A side note regarding faith as the power to move mountains. The earth was created by the power of God by the words of God (Moses 2:6). God has power to command the elements of the universe. This is how water is changed into wine, stone turned into bread, dead and decaying bodies are returned to life, etc. etc. Nephi recognized this power when he said, “If [God] should command me that I should say unto this water, be thou earth, it should be earth; and if I should say it, it would be done. And now, if the Lord has such great power…” (1 Nephi 17:50-51). It is by the power and authority of God that these things are done. “The Priesthood is power and authority of God.” These things are done by the power and authority of the Priesthood. This does not change the fact that all these miracles are also done by faith. In Moroni’s great discourse on faith in Ether 12 you will notice that all those who accomplished great miracles by faith, also held the priesthood. The power of the Priesthood can only be controlled by righteousness and by faith. Faith is the lever to the power of God. It is the actuator of the Priesthood. Those who do not hold the Priesthood can also bring to pass great miracles by their faith, by calling upon God to use His power on their behalf, but they cannot command and control the elements of the earth themselves.

    • Vance, you said, “The blacks prior to 1978 were apparently not yet ready…”

      I hope these quotes will help you reconsider that thought:

      “I am certain that the Church is directed through revelation, believing that at least the most recent Prophets have prayed sincerely about this matter and that if the Lord thought it best to make a change at this time he could get through to his leaders and have a change made. However…I also believe that the Lord does wish a change could be made and that we all bear responsibility for the fact that it hasn’t been made yet.”

      Eugene England, 1973

      “[I believe] the chief deterrent to a divine mandate for change is not to be found in any inadequacy among [those of black, African descent] but rather in the unreadiness of the Mormon whites with our heritage of racial folklore.”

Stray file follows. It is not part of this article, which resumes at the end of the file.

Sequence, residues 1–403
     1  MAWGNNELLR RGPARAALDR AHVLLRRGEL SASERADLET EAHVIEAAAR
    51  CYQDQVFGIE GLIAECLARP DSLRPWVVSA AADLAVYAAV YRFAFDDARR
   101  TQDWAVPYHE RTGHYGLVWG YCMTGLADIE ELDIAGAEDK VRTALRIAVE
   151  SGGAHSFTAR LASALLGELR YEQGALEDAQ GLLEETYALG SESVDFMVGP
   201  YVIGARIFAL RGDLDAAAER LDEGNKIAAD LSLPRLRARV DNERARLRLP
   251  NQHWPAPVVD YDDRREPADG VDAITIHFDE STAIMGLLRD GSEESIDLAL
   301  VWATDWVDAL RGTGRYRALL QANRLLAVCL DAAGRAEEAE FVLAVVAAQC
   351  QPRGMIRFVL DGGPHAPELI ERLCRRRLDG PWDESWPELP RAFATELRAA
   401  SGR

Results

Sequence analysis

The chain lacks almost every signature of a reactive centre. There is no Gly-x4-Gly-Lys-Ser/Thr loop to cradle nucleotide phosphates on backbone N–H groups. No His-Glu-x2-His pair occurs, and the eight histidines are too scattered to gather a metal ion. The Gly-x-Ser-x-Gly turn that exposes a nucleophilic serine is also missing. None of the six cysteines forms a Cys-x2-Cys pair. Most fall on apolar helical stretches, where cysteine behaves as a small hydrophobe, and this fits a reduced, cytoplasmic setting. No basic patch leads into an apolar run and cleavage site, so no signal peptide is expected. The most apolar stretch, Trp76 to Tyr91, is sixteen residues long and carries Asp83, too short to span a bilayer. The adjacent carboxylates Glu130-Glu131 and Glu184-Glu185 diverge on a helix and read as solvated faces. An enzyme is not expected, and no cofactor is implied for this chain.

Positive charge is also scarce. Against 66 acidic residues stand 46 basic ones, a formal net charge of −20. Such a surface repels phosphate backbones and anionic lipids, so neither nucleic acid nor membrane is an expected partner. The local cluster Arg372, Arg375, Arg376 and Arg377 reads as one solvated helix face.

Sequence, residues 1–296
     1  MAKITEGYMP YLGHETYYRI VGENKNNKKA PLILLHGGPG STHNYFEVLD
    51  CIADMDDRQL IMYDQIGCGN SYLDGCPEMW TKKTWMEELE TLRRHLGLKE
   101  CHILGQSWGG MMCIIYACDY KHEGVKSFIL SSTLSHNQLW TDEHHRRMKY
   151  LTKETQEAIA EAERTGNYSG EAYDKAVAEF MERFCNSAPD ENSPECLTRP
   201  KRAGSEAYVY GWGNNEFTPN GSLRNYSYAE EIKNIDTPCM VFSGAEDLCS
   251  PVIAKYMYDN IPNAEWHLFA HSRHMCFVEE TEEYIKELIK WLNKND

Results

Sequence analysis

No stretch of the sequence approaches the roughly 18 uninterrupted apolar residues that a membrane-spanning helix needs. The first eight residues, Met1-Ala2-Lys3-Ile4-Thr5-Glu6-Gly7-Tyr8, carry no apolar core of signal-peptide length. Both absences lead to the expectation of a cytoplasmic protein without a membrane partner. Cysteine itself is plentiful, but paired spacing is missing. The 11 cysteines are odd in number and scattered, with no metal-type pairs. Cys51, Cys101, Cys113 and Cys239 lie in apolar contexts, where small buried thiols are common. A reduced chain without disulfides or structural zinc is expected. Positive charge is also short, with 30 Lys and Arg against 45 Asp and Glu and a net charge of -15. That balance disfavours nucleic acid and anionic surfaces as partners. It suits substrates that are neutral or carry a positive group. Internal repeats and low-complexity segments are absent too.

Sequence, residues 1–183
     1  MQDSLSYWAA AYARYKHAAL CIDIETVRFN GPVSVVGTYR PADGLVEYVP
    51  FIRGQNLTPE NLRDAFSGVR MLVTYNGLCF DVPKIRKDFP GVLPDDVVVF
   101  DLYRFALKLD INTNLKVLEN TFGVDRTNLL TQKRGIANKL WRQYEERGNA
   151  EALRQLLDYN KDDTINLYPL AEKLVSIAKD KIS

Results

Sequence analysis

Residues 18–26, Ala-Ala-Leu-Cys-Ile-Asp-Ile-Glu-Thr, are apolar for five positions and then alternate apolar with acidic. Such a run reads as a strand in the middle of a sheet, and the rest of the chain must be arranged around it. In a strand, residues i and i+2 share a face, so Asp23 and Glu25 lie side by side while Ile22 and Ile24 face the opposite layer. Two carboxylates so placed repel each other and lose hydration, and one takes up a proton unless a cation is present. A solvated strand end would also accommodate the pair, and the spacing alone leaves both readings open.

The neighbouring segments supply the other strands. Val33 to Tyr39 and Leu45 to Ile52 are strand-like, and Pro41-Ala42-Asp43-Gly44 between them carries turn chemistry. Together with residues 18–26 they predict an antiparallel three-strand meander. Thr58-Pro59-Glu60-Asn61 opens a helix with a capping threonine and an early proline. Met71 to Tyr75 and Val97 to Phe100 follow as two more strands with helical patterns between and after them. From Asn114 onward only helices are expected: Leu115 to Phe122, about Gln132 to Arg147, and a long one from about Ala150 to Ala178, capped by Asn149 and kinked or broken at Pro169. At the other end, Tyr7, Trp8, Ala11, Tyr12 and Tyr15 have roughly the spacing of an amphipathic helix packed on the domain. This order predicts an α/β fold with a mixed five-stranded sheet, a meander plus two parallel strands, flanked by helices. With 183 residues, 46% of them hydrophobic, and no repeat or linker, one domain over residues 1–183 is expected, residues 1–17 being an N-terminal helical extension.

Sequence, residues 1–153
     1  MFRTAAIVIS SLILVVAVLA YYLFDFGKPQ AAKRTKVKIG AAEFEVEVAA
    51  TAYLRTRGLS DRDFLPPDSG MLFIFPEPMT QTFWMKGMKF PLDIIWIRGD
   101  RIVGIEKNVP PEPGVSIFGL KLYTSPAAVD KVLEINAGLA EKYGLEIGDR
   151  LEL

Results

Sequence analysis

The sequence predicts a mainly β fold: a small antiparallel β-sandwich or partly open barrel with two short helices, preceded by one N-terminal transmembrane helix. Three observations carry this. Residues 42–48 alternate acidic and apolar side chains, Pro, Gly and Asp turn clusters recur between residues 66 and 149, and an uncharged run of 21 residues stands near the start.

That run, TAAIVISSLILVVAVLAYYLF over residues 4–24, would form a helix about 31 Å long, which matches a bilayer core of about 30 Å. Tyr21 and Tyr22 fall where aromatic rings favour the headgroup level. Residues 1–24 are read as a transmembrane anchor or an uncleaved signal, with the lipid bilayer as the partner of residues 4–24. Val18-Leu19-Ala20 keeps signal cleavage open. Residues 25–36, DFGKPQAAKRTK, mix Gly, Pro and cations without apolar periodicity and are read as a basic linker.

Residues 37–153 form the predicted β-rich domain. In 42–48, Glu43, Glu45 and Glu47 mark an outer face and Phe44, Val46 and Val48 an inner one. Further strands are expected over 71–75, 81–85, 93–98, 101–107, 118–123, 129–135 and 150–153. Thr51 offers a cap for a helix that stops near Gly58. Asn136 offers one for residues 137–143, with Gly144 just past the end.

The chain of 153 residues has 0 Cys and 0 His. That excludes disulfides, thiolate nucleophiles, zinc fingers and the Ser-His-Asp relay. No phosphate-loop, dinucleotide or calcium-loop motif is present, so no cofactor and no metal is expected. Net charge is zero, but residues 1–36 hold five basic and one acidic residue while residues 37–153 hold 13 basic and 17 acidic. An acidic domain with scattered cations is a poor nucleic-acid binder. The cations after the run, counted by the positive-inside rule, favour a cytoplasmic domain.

Armand Mauss

    • You might also consider that the revelation in Acts 10 is actually a reiteration of the Great Comission in Matthew 28.

      In that case, it was not that the waiting Gentiles were unready; it was that the Former-day Saints did not fully understand what teach and baptize all nations meant.

      • Hmm. So while accusing me of treating blacks poorly (the “not yet ready”) bit, you then accuse every white Mormon of blatant racism; necessarily including the leadership.

        I’m sorry, but that sounds a little bit like the recent posts that God really didn’t want polygamy but He had to tolerate it because of the wickedness of the Saints; and that somehow He just failed to mention it to prophets that He regularly communicated with that they were sinning.

        The Lord has zero problems issuing commands His people are uncomfortable with; indeed likely that is one reason for the command is to afflict the comfortable. So this idea that the Lord just had to wait for His people to mature and get over their racism seems wrong; if the Lord was ready He would have issued the command, regardless of how His church members felt.

        Like I said, no one knows the reason for the restriction. Blaming racist Brigham and the bigoted Saints, as well as all the prophets until Spencer W. Kimball, seems wrong. Whether the black people were unready or unprepared, I don’t know. I do know that the Lord started preparing them before the revelation came.

        The Lord has dealt in racial restrictions for a very long time. Blaming White Mormons and accusing them of blatant racism that forced the Lord to deny the blacks the Priesthood simply doesn’t fit with the scriptural pattern of blessings and cursings flowing to many racial and ethnic groups and nations throughout history. The Lord treats the Jews differently–both for good and bad. He treats the Gentiles differently than the Jews; we are lucky that He allows us to be adopted into His people. He treated the blacks differently than the Gentiles; and, uncomfortably, likely the Nephites and the Lamanites. And He has not chosen to reveal why. So speculating that the Lord was anxious to give all salvation to everyone but was held back by white racist Mormons is actually quite offensive, in my opinion.

        • You are entitled to that opinion, but you are reading way too much into my comments. I did not accuse you of anything; I apologize that it seemed otherwise.